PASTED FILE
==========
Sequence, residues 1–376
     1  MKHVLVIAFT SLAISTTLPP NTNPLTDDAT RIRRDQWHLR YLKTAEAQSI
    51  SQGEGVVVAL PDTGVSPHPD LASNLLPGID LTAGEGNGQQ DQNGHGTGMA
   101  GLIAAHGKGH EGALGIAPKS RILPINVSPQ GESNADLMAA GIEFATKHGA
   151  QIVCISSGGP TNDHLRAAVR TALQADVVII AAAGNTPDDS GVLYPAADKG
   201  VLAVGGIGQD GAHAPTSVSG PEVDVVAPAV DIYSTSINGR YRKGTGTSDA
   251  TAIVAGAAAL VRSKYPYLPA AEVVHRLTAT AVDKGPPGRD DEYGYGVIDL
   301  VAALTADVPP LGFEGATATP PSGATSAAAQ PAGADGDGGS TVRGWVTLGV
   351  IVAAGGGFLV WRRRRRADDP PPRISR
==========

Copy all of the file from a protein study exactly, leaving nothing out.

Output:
Sequence, residues 1–376
     1  MKHVLVIAFT SLAISTTLPP NTNPLTDDAT RIRRDQWHLR YLKTAEAQSI
    51  SQGEGVVVAL PDTGVSPHPD LASNLLPGID LTAGEGNGQQ DQNGHGTGMA
   101  GLIAAHGKGH EGALGIAPKS RILPINVSPQ GESNADLMAA GIEFATKHGA
   151  QIVCISSGGP TNDHLRAAVR TALQADVVII AAAGNTPDDS GVLYPAADKG
   201  VLAVGGIGQD GAHAPTSVSG PEVDVVAPAV DIYSTSINGR YRKGTGTSDA
   251  TAIVAGAAAL VRSKYPYLPA AEVVHRLTAT AVDKGPPGRD DEYGYGVIDL
   301  VAALTADVPP LGFEGATATP PSGATSAAAQ PAGADGDGGS TVRGWVTLGV
   351  IVAAGGGFLV WRRRRRADDP PPRISR